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More Work is Available for Skateboarders With Skill

Skateboarders are finding work as apparel, equipment and park designers. They're also becoming consultants. And they're producing high-profile sporting events, videos and magazines.

Aaron Spohn is president and CEO of a company that designs, builds and installs skateparks across the U.S. He says he's definitely noticed growth in the industry. "We're looking to hire people," says Spohn.

Spohn combined a career in construction with his love of skateboarding to form his company. He says city councils are starting to consider skateboarding a legitimate sport. And they realize the importance of providing a space for these athletes to ride. "Cities do not have a single facility for these kids to go to, and often times they get ticketed for skating in the streets," he says.

More and more parks are being built throughout North America. That means jobs for skateboarders with an eye for the perfect course.

"The fact that most cities are now taking a look at building at least one [park] has meant that there's a tremendous glut of opportunity," says Spohn. He adds that small design and consulting companies are springing up to meet the demand.

When Spohn built a couple of half-pipes in his backyard as a teenager, friend Kirsten Bradford was often around to watch. As soon as magazines and event promoters started showing up to shoot commercials, Bradford became the on-site assistant.

Today, she is the chief financial officer of Spohn's company. She has worked on such special events as the X-Games, the Warped Tour and MTV Sports.

Bradford agrees that opportunities in the skateboarding industry are huge. "There are a lot of different types of companies that have sprung up to support skateboarding," says Bradford. "Clothing companies [and] equipment companies, promoters and athlete management companies. Skateboarding has...its fingers in just about every industry."

Even the plumbing industry. "We're doing a demo for Kohler Faucets next week," says Bradford. "I think there are opportunities all over the place."

She adds that skateparks and special events are areas that "are growing really rapidly."

Communities around the globe have embraced skateboarding. Heidi Lemmon, the mother of a skateboarder, is the founder and director of the United Skateboarding Association.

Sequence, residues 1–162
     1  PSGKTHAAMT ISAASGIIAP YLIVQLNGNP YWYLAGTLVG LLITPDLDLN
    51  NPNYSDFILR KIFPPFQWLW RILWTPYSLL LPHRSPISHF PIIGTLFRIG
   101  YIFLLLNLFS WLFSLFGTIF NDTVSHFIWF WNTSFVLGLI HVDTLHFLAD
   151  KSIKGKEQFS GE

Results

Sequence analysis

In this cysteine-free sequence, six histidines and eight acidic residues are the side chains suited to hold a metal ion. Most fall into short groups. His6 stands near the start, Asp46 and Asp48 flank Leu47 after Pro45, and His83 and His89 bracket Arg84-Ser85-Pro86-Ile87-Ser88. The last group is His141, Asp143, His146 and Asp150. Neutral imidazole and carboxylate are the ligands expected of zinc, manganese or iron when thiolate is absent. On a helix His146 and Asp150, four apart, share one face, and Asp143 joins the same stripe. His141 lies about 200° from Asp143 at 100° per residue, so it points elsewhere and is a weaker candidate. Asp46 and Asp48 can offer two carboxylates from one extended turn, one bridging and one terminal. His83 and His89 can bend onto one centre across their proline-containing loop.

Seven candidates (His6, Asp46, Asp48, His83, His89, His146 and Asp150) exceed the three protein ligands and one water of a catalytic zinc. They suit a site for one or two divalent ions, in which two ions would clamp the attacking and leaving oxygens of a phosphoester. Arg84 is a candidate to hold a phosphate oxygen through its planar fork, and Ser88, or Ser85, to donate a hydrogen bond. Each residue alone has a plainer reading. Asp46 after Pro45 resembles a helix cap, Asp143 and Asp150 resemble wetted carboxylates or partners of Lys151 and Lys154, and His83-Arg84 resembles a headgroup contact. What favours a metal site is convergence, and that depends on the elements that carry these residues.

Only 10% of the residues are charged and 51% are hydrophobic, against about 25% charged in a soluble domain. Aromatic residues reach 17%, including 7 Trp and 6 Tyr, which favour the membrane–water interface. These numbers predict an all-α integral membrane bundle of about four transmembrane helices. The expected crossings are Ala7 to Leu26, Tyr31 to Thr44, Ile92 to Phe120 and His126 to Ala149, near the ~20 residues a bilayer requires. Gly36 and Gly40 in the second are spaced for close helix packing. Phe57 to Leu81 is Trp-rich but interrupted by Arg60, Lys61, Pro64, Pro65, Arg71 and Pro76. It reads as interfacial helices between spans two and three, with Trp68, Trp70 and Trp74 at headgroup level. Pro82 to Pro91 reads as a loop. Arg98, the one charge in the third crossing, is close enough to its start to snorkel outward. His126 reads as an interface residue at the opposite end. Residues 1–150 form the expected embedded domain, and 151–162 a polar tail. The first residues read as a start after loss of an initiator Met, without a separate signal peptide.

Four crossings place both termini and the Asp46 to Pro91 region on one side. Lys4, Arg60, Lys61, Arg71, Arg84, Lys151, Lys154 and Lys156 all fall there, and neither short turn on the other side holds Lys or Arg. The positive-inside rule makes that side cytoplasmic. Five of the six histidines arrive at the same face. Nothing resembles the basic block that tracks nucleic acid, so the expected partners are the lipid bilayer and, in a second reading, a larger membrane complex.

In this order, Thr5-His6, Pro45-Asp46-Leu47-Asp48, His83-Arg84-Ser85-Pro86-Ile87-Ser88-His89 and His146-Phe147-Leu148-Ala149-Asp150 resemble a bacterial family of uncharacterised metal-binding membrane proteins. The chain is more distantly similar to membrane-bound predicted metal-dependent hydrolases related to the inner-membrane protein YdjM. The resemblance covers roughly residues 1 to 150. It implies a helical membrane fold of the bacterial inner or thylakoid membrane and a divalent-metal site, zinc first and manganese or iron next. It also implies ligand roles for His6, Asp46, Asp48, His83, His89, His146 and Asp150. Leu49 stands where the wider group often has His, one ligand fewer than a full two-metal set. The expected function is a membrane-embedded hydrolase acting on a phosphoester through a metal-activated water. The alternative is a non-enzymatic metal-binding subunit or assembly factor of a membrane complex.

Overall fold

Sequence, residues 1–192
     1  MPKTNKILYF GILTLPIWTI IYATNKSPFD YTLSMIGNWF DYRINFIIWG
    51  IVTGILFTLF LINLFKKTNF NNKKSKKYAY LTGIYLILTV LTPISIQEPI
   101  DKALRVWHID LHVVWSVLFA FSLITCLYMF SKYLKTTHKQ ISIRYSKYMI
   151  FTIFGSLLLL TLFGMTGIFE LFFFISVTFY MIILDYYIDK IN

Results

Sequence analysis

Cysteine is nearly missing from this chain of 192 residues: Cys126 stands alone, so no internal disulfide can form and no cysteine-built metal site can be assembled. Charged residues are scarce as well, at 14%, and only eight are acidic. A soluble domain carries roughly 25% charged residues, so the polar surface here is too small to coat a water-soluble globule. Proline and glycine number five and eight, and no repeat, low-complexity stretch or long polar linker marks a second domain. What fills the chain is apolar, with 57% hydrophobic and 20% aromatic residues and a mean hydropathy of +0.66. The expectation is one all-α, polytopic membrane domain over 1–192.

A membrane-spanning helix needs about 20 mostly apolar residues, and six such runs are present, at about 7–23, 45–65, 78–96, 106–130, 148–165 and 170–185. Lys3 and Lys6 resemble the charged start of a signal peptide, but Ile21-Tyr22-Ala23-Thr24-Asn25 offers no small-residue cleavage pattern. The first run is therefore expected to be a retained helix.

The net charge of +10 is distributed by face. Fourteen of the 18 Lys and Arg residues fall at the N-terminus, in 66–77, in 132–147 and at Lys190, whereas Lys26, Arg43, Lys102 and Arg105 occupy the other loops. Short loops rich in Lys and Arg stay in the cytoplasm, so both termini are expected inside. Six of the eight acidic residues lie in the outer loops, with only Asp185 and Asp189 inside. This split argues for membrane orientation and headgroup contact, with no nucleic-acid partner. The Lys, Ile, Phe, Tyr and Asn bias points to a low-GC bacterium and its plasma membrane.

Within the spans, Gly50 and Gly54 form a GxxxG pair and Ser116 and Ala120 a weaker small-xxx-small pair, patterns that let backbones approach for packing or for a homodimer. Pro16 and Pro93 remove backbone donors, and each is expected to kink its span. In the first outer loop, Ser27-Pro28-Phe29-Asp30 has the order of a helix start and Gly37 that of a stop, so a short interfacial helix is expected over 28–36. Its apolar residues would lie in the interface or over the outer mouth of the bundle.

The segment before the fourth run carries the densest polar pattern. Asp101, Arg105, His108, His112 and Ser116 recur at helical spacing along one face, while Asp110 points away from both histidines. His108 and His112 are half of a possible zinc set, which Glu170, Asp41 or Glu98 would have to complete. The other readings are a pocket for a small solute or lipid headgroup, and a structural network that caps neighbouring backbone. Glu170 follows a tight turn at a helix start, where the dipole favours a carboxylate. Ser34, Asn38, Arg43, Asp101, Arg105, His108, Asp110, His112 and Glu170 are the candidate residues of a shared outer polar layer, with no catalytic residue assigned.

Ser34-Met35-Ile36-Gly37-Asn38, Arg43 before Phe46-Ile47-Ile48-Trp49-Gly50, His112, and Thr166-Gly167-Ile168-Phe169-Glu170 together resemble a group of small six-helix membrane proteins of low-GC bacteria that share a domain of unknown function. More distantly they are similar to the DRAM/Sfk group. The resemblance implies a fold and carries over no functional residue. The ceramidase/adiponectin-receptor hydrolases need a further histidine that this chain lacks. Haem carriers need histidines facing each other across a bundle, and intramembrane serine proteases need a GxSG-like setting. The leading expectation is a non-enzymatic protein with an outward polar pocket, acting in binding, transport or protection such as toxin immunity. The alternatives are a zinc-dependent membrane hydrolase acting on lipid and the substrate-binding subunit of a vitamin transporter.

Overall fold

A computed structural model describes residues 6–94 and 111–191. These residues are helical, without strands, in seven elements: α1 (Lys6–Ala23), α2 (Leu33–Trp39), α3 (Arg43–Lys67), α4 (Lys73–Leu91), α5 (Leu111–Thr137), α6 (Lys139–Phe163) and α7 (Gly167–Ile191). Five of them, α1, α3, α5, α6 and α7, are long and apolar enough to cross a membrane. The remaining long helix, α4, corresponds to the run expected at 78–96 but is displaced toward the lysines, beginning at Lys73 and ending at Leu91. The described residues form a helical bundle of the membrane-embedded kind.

According to Lemmon, industry reps from Argentina, Guam, Hong Kong, Europe and South Africa appeared at the most recent Action Sports Retailer exposition. They arrived at the show either "wanting to get skateparks or open skateparks," says Lemmon.

From Subculture to Superstars

To some skateboarders, the industry boom is simply a dream come true. To others, it's a lesson in frustration.

After years of public denouncement and disrespect for skateboarders, many industries are reaping large rewards from the sport. It's tough for some skateboarders to reconcile the fact that they're working professionally with the same people who tried to keep them off the streets.

David Brown is a landscape architect who has worked on several skateparks. He has been the target of some of this frustration. Brown is an educated architect and he hasn't stepped on a skateboard for years. However, his knowledge and experience are useful when it comes to building skateparks.

He encourages young people to appreciate the knowledge that everyone brings to the table in the skateboarding industry.

"You really have to be respectful for all of the players that are involved, even if you don't like the project, don't like the idea, don't like [the people]."

Landing a Career in Skateboarding

Loving skateboarding is the easiest part. But to work in the skateboarding industry, says Spohn, you should be prepared to operate a legitimate business. If you're building a skatepark, for example, there are insurance and bonding requirements to consider.

"It takes a lot to be able to work with the government on a project, especially something that's potentially a high-risk project where people could get hurt," says Spohn.

Jerry Mazur is the production manager at a skateboard manufacturer. He says the demand for his company's boards is increasing. The company's success is due partly to the fact that they set up the business properly.

Failure, says Mazur, is common for skateboarding start-ups. "If there were 10 new companies that we manufacture for, there's probably maybe three of them that are still around -- that made it through the year," he says.

"Whenever anybody calls and wants to do this stuff, I'll just tell them to get in contact with the chamber of commerce....They'll give you booklets [on] the things you need to do to start a business. They sound really generic, but they're really good," says Mazur.

And if you're not into starting your own business, there's probably someone who's looking to hire. "We have 20 employees at all times," says Spohn. "I'm hoping, within 10 years, that I [could] hire 100."


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